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Silk Road Journey to the East

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Eurasia Consort quartet webEurasia Consort presents music found along the Silk Road. During the sixth century Buddhism traveled from India to China. This journey also brought music, instruments and musicians to China. East Asian courts became filled with international music and Japan became the cul-de-sac of music and instruments. The Japanese Emperor had a Treasure house, the Shosoin, filled with instruments, including kugo harps, flutes, pipes and percussions. This program presents court music on some of these instruments. 

Tomoko Sugawara ~ Kugo (ancient Angular harp) 
gamin ~ Piri (bamboo oboe), Seanghwang (mouth-organ) 
James Nyoraku Schlefer ~ Shakuhachi (bamboo vertical flute) and Ryuteki (bamboo transverse flute) 
Rex Benincasa ~ Hokyo (metallophone), drum

Eurasia Consort would like to introduce some ancient, and fascinating, East Asian music. This Eastern repertoire is scarcely known in the West, but it is now hoped it may find its rightful place in early world music.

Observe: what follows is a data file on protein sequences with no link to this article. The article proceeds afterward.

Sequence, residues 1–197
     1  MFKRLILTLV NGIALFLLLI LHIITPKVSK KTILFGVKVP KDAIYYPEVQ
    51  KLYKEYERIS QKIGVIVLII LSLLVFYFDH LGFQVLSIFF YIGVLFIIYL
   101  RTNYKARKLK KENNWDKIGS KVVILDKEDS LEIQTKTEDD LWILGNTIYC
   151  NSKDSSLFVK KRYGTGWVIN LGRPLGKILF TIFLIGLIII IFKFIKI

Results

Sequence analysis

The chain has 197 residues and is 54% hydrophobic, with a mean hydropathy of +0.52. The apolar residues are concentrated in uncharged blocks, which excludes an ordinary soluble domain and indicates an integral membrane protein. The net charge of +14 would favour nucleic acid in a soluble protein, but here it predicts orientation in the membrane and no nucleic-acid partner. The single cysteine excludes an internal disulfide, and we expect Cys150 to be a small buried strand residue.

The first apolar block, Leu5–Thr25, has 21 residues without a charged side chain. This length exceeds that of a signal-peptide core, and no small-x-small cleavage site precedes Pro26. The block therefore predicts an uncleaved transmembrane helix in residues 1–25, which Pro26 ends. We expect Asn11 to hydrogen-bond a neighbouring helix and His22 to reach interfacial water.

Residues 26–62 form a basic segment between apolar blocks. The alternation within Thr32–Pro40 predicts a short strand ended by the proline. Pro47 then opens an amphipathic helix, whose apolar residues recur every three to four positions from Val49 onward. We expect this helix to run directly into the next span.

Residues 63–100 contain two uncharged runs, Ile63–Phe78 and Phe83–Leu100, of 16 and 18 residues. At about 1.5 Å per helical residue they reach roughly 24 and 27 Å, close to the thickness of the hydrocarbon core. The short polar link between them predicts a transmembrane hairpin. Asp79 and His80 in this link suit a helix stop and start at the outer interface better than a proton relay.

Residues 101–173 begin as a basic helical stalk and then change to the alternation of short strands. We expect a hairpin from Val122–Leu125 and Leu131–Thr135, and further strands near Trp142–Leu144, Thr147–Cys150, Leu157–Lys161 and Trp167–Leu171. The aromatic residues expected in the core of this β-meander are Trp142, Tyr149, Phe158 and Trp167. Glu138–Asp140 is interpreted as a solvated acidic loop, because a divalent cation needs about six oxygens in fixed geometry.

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1:15 – 2:00 pm
All concerts are free; no tickets or reservations are necessary.

In person at The Church of the Transfiguration, 1 E 29th St, New York City

Check back here for live stream details. You can watch it on your computer in any of three places by clicking on the name you wish: our websiteYouTube or Facebook.


Midtown Concerts sponsors lunchtime performances of music of the 18th century and earlier. Ensembles are chosen by a panel of early music specialists from the metropolitan area.

Time: Thursdays, 1:15–2:00 pm
All concerts are free; no tickets or reservations are necessary.

Concerts are in person at St. Malachy's Church, 239 West 49th Street, Manhattan, AND live streamed.